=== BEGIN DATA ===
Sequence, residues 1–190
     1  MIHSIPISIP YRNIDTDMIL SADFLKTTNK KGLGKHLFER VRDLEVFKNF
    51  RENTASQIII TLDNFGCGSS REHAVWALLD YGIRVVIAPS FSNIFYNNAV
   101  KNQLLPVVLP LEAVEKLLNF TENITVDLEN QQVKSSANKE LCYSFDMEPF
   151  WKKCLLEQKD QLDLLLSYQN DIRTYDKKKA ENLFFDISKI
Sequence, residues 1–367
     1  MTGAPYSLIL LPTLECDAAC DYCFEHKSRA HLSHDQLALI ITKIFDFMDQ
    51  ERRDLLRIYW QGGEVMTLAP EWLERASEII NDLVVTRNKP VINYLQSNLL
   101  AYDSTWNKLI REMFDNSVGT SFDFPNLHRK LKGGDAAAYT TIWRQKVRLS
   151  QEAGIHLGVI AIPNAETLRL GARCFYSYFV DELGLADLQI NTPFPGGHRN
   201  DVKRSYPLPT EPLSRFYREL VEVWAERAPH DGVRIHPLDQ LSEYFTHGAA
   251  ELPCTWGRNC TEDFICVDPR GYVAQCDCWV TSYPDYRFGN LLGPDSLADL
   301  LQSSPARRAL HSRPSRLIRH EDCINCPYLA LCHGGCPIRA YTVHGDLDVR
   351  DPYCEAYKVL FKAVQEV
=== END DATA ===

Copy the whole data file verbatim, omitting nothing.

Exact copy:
Sequence, residues 1–190
     1  MIHSIPISIP YRNIDTDMIL SADFLKTTNK KGLGKHLFER VRDLEVFKNF
    51  RENTASQIII TLDNFGCGSS REHAVWALLD YGIRVVIAPS FSNIFYNNAV
   101  KNQLLPVVLP LEAVEKLLNF TENITVDLEN QQVKSSANKE LCYSFDMEPF
   151  WKKCLLEQKD QLDLLLSYQN DIRTYDKKKA ENLFFDISKI
Sequence, residues 1–367
     1  MTGAPYSLIL LPTLECDAAC DYCFEHKSRA HLSHDQLALI ITKIFDFMDQ
    51  ERRDLLRIYW QGGEVMTLAP EWLERASEII NDLVVTRNKP VINYLQSNLL
   101  AYDSTWNKLI REMFDNSVGT SFDFPNLHRK LKGGDAAAYT TIWRQKVRLS
   151  QEAGIHLGVI AIPNAETLRL GARCFYSYFV DELGLADLQI NTPFPGGHRN
   201  DVKRSYPLPT EPLSRFYREL VEVWAERAPH DGVRIHPLDQ LSEYFTHGAA
   251  ELPCTWGRNC TEDFICVDPR GYVAQCDCWV TSYPDYRFGN LLGPDSLADL
   301  LQSSPARRAL HSRPSRLIRH EDCINCPYLA LCHGGCPIRA YTVHGDLDVR
   351  DPYCEAYKVL FKAVQEV